Soundtrack to Pokémon X and Y

Indulgence week, part the seventh: a greater capacity for electronics, at the expense of accurately rendering real instruments.
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With the advent of the sixth generation, we waved goodbye to the trusty old Nintendo DS and welcomed with open arms the shiny new 3DS. Taking advantage of bigger screens and stronger processors, X and Y boast a cornucopia of new features — character customisation, petting and treating your beloved buddies, certain species going Super Saiyan and attaining a temporary but fiercely strong phase of Mega Evolution. And of course, the system's improved capacity for sound brought about a whole host of big changes.

Visually, the Kalos region stuns from start to finish. From the crashing waterfalls of Couriway Town to the Arthur Dentesque Lucario statue decorating the soaring atrium of Shalour City's Tower of Mastery; from the henge maze of monoliths dotting Route 10 to the starry skies and constellations suspended above technicolour walkways in Anistar City's gravity-warping gym, there is not a tuft of grass out of place. No longer fenced in by dense forest on all sides, Kalos feels larger and airier than any region to date. The capital of Lumiose City is an ambitious homage to Paris with its spacious plazas and endless cafés, and when exploring the exquisite topiary garden of the nearby Parfum Palace, more than a few design cues from Versailles become apparent. X and Y introduce the first example of industrial facilities hinted at by previous games' inexhaustible supplies of potions and medicines. The Poké Ball Factory mass-produces the iconic device, and the player can ride the conveyer belts to their heart's content or simply observe the facility from rickety catwalks. Among the various inspired locales of Kalos is Reflection Cave in the region's west. The lacquered walls of some shiny mineral are burnished to a sheen, effectively a natural hall of mirrors. Here, hikers and tourists admiring the surroundings can even spot and challenge the player passing behind them.

Each route in the Kalos region bears a French subtitle, lending a touch of personality the soundtrack also attempts to provide. When locals are strolling along the river from Camphrier Town to the coast, they do not take Route 7, they take the Rivière Walk. Route 16 winds its way from Lumiose through a perpetually autumnal forest, the brilliant oranges and browns lending a hushed atmosphere to Mélancolie Path. Frequently deviating from the static camera of the past, dramatic low angles offer scenic previews of your next goals. From the city gates of Snowbelle, the Frost Cavern looms large through the driving snow. The canyons of Route 13 offer an intimidating vista of the Kalos Power Plant, with all its important tubing and geometric shapes, where the player must investigate a crippling blackout. X and Y also borrow a memorable moment from Unova — the player must pass through a series of gates that automatically and flashily check your qualification to enter Victory Road.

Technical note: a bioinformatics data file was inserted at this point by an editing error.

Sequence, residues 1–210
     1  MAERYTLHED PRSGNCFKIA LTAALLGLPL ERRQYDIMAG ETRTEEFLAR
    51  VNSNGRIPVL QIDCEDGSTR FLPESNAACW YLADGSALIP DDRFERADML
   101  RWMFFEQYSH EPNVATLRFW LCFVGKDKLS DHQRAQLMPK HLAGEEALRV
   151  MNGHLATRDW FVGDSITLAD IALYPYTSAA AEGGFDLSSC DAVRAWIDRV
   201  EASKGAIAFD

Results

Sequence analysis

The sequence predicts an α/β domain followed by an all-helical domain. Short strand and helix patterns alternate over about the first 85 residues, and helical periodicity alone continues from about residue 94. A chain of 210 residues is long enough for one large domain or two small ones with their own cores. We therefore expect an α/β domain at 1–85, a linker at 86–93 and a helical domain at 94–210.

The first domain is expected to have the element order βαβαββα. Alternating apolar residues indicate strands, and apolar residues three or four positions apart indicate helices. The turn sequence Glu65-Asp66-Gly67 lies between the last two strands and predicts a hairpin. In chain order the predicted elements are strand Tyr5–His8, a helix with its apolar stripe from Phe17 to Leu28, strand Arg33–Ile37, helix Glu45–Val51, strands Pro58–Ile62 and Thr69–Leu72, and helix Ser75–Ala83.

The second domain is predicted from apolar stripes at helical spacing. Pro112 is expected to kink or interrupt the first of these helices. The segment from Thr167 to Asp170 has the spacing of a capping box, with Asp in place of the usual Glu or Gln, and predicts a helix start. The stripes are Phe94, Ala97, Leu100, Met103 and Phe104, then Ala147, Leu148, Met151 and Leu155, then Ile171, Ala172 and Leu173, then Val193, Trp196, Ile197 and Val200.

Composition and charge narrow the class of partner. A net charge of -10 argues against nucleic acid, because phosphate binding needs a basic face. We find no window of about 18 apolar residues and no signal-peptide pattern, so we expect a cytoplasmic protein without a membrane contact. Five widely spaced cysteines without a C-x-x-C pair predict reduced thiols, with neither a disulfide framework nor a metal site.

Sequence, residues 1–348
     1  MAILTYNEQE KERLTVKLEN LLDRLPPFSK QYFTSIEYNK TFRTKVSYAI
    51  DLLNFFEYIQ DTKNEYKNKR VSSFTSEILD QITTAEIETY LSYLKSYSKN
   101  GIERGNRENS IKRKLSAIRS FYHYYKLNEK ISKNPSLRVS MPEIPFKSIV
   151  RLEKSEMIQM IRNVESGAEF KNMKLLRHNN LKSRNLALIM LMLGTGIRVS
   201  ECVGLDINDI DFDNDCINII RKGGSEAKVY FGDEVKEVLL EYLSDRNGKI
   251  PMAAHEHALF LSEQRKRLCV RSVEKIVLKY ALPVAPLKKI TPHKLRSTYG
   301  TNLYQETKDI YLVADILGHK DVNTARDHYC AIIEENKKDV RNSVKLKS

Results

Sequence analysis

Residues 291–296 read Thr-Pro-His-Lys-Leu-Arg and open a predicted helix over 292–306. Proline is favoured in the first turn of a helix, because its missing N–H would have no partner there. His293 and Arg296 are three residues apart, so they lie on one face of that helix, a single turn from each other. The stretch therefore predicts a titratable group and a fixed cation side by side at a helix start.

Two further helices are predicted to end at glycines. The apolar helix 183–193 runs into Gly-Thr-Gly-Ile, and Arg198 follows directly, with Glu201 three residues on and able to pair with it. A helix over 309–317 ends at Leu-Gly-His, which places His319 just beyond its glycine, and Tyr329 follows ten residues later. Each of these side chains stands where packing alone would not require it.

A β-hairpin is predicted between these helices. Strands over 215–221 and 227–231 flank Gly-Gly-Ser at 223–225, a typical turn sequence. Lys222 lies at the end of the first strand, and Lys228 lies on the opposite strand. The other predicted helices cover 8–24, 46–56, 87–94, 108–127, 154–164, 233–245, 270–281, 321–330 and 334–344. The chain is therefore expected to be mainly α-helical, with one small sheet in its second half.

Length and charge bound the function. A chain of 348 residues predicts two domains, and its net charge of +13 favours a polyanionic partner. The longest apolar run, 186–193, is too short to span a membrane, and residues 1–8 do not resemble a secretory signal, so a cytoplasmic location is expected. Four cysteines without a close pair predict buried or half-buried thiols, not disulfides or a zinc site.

Finally, Kalos hosts the most impressive Pokémon League ever created. Despite the magnificent view from atop Mount Lanakila, Alola's bright rainbow dome is inelegant and garish, while the Indigo Plateau overshoots minimalism and arrives at dry. Even the spectacularly detailed arenas of Unova pale in comparison. A magnificent cathedral towers ahead, spires and turrets jutting commandingly into the sky. Your footsteps echo loudly as you enter a majestic vestibule. You stand in the light of an intricate stained-glass window, eyeing the four torches set along the wall. They must be snuffed in order to enter the Radiant Chamber ahead where the Champion awaits you. The Flood Chamber lives up to its name: two chained plugs twist upwards, releasing twin spouts of water (eagle-eyed players may recognise this as the battle animation for Hydro Pump from all the way back in Red and Blue) allowing Siebold, a pretentious artsy type, to make his grand entrance. Two enormous swords crash from the ceiling of the Ironworks Chamber and turn like keys in colossal locks, revealing Wikstrom, a genuine knight in shining armour. And most audaciously, entering the Blazing Chamber cues two enormous jets of flame to spew from the floor, utterly dwarfing the player and providing dramatic lighting for a fight with Team Flare sympathiser Malva.